Rig-Site Monitoring of the Drilling Fluid Solids Content and Solids-Control Equipment Discharge
- J.M. Davison (Dowell) | Gerard Daccord (Dowell) | L.P. Prouvost (Dowell) | Alan Gilmour (Schlumberger Technical Services Inc.)
- Document ID
- Society of Petroleum Engineers
- SPE Drilling & Completion
- Publication Date
- June 1999
- Document Type
- Journal Paper
- 130 - 138
- 1999. Society of Petroleum Engineers
- 6.5.4 Naturally Occurring Radioactive Materials, 4.3.4 Scale, 4.1.5 Processing Equipment, 1.6 Drilling Operations, 4.1.2 Separation and Treating, 2.4.4 Screen Selection, 1.10 Drilling Equipment, 1.11.4 Solids Control, 1.11 Drilling Fluids and Materials, 1.11.2 Drilling Fluid Selection and Formulation (Chemistry, Properties)
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Many of the key properties of a drilling fluid are adversely affected by the solids entrained during the drilling process. To control the impact of the drilled solids on the fluid properties the engineer at the rig site requires an effective monitoring tool. This paper describes the development and implementation of a technique based on X-ray fluorescence (XRF) spectrometry. The results are shown to be more accurate than traditional methods of analysis.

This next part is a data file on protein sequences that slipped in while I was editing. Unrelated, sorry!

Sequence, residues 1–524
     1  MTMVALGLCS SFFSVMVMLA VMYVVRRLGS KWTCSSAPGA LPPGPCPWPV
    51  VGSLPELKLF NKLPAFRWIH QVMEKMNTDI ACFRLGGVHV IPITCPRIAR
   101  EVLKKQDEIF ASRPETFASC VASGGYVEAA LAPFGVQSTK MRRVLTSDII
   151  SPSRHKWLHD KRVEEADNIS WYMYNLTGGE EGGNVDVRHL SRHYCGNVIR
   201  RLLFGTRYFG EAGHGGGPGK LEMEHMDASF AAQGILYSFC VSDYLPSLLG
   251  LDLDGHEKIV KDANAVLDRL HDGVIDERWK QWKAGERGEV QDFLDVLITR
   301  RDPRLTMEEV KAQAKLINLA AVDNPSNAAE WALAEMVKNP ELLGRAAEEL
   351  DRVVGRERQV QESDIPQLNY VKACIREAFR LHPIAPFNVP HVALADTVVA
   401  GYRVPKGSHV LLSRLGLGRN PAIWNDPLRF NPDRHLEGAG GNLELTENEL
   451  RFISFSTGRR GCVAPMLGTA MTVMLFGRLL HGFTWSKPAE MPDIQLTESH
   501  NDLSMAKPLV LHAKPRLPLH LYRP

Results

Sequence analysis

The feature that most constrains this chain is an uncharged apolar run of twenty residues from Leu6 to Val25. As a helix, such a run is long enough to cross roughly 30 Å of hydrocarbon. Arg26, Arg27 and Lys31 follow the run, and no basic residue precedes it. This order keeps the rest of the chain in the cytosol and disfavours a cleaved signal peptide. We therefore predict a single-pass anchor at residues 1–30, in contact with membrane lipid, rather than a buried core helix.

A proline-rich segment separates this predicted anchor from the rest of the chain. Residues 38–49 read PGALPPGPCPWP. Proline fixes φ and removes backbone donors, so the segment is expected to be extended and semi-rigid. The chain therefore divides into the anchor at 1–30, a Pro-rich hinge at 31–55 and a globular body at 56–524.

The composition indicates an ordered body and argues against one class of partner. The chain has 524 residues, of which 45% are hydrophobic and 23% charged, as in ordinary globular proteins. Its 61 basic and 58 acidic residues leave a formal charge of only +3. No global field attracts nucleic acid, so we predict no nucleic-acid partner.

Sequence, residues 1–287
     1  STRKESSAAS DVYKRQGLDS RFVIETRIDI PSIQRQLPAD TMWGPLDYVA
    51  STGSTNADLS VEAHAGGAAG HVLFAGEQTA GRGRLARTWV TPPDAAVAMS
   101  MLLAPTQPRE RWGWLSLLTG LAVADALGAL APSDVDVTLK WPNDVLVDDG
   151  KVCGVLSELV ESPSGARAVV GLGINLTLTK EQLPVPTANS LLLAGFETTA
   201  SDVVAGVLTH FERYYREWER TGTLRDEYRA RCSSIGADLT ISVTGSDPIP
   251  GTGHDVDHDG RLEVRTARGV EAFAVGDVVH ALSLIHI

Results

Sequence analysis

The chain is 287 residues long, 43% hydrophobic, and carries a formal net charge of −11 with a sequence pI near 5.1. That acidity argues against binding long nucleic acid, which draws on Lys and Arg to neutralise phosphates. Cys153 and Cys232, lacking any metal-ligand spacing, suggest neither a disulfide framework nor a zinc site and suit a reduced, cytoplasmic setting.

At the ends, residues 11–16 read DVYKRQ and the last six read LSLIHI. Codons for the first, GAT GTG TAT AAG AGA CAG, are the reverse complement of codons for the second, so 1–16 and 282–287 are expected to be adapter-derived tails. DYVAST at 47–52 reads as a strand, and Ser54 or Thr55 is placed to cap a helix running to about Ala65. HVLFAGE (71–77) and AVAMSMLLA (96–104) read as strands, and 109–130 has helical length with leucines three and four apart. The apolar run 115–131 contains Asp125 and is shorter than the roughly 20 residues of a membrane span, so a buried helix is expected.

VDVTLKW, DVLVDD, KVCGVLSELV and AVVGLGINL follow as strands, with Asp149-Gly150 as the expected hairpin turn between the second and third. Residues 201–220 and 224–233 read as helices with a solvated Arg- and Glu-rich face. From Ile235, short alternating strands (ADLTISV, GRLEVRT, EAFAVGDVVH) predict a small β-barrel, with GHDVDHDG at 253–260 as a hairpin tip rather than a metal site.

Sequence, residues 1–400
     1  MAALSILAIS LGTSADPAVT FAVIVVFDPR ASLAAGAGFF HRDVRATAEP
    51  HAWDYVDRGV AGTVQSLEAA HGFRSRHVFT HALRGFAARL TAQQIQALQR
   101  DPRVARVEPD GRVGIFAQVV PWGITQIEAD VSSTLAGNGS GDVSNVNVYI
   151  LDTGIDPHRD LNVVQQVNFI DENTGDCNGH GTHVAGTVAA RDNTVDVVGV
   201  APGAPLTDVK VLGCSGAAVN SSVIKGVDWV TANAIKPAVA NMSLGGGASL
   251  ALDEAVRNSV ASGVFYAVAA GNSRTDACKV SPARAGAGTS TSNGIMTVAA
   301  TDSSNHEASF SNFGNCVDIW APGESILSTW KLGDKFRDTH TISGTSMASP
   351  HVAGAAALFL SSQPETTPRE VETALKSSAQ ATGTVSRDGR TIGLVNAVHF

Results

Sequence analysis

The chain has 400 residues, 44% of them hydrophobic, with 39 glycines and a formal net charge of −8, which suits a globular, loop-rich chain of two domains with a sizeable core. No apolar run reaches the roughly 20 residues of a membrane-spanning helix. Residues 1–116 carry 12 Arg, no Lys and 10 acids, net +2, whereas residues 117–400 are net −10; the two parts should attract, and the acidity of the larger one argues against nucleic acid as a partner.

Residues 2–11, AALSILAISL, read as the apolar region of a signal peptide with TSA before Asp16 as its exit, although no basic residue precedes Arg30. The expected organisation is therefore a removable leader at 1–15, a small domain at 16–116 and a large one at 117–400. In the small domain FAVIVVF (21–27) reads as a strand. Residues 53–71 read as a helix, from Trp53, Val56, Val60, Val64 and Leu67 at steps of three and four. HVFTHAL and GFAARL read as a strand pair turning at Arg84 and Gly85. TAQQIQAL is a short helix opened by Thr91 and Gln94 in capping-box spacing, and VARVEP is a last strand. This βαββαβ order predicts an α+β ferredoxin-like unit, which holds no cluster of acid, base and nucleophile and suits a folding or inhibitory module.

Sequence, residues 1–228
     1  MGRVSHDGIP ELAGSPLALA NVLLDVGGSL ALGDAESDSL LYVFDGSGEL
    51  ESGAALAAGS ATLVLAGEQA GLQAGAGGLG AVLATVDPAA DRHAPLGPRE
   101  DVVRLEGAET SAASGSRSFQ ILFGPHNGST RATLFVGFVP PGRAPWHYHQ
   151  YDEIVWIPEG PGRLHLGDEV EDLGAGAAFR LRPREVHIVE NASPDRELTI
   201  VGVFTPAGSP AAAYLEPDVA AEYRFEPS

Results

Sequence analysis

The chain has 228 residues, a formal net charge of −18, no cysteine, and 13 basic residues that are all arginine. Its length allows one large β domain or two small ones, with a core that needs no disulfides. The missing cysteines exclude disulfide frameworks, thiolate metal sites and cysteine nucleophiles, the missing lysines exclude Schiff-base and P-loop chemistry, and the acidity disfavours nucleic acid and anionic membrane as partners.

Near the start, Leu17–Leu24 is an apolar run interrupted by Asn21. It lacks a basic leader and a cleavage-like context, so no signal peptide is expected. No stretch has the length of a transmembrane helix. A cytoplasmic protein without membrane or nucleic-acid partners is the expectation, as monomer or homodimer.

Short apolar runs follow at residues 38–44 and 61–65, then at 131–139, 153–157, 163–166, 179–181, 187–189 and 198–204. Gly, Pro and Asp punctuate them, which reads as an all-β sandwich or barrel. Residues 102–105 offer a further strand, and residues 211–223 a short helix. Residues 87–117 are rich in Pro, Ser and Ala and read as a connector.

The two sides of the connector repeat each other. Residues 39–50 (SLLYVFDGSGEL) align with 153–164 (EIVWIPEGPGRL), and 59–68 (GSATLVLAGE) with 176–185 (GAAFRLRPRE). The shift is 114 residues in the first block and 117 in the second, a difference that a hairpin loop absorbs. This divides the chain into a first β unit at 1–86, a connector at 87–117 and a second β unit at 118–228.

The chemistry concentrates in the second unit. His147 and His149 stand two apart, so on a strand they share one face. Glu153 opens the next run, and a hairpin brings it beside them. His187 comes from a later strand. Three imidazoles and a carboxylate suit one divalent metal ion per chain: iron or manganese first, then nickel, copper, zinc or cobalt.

The speed and ease of use of the XRF technique facilitates multiple sampling from various points in the circulating system and effluent discharges. Two case histories are cited which demonstrate the use of the technique for monitoring the deployment of solids control equipment at the rig site and optimizing its configuration. The overall result is to improve well quality, control costs, and limit the environmental impact of the drilling process.